Under the Community of Care programme, elderly with complex medical and social needs find comfort in being able to recuperate at home.

IN spite of suffering chronic knee pain, anaemia and several other ailments, Mr Low Teck Guan, 70, often forgot to take his pills – all 11 of them – in the morning.

This went unnoticed until Ms Lisa Ang, a Patient Navigator and staff nurse from Singapore General Hospital, visited him at his two-room rental flat in Lengkok Bahru, five days after he was discharged from hospital. It had been his third hospital admission in the past year.

“I counted his medication and noticed he had not been taking them every day as prescribed,” said Lisa.

She packed his medication into pill boxes and labelled them according to days of the week to help give Mr Low a visual reminder to take his pills.

Lisa is part of an SGH care team that conducts home visits under the Community of Care programme. Launched in April 2017 by the SingHealth Regional Health System (RHS), the programme aims to enhance health and social care for elderly patients after they are discharged from hospital.

The care team, comprising doctors, nurses, medical social workers and therapists, identify patients who are at-risk before they are discharged. Together with community partners, they monitor patients at home until their condition is stabilised.

Lisa assessed Mr Low during his hospital stay and found that he might have difficulty coping at home.

“He is single and has no close family members to depend on. His legs were weak and he needed rehabilitation at a community hospital but he declined and preferred to return home,” explained Lisa.

During the home visit, she found that Mr Low was not only skipping his medication but also his meals. As he had to use a quad stick to move around, he found it challenging to buy meals and would wait for his flatmate, who works full-time, to do so. If his flatmate was busy, Mr Low would miss a meal.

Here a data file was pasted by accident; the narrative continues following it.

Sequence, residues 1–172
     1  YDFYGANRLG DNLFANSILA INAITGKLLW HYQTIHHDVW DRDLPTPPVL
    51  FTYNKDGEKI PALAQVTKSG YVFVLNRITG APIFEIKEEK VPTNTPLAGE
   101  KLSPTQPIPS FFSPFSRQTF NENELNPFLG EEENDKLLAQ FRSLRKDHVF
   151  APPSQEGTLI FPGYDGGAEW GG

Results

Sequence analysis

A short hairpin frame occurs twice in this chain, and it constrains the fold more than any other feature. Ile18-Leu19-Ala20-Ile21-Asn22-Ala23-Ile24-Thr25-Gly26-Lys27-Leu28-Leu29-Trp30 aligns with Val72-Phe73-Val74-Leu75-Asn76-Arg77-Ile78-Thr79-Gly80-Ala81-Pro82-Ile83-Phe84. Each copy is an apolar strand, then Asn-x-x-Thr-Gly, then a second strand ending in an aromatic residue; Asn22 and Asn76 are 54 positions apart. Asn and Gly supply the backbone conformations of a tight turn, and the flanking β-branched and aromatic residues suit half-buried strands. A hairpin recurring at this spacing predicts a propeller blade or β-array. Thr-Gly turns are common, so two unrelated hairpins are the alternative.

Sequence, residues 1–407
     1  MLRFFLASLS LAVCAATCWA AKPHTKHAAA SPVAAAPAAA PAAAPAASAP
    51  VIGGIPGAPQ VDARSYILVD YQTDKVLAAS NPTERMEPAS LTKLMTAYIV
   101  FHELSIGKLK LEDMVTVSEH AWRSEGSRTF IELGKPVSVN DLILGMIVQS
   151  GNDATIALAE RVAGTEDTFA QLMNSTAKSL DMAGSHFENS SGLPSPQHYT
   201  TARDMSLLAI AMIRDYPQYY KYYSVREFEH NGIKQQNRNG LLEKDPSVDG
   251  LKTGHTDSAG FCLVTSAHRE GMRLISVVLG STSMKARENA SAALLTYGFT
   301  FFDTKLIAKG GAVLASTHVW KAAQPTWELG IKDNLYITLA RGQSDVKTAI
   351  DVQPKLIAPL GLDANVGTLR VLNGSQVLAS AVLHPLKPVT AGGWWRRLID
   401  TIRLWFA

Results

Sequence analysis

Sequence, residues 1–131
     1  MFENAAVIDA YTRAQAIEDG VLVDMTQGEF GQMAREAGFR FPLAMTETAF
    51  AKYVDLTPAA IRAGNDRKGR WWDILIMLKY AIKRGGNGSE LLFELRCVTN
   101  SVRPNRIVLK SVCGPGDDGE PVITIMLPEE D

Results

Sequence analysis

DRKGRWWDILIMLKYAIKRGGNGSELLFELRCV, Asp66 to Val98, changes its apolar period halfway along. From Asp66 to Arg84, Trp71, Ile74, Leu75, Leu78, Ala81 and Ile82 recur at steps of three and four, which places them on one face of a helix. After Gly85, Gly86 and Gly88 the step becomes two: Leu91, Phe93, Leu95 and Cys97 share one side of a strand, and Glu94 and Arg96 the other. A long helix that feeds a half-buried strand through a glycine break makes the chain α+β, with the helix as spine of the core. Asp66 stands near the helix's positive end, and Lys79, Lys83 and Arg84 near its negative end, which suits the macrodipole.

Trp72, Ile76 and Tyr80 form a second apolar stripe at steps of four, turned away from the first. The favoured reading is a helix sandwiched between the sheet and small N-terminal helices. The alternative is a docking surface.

It takes a village

Working together with Mr Alan Yong, a care executive from NTUC Health Cluster Support, Lisa helped to make arrangements for Thye Hwa Kuan Moral Society to deliver lunch and dinner to Mr Low every day.

They arranged for nurses from Home Nursing Foundation to change his wound dressing and applied for grab bars to be installed in his flat to improve safety. Lisa also taught him simple strengthening exercises which he could do at home.

Mr Low’s flatmate was also enlisted to help monitor his medication routine and accompany him for appointments. In addition, Alan helped to secure financial assistance for him.

Adjunct Professor Lee Chien Earn, Deputy Group CEO (RHS), SingHealth, said the strong partnership and coordination between care agencies that can provide different types of services, is critical in keeping the vulnerable elderly healthy and happy in the community.

“Many have emotional and social needs, beyond the medical issues that we help to address. By working closely with the community, we can strengthen the post-discharge care support system, spot complications early and intervene before their condition worsens.” 

Adjunct Professor Lee Chien Earn, Deputy Group CEO (RHS), SingHealth.

Working as one
Regular meetings are held between the SGH care team and anchor care provider in each district to review the residents’ well-being, and flag out social and medical issues that require attention.

“By linking together the many helping hands, we find that this vulnerable group receives better care and is less likely to be readmitted to hospital as frequently,” explained Associate Professor Lee Kheng Hock, Director of SGH Office of Integrated Care.

The programme now covers about 3,000 patients in the five Communities of Care: Chinatown, Tiong Bahru, Bukit Merah, Katong and Telok Blangah, with plans to extend it to a total of 5,000 patients by end 2018.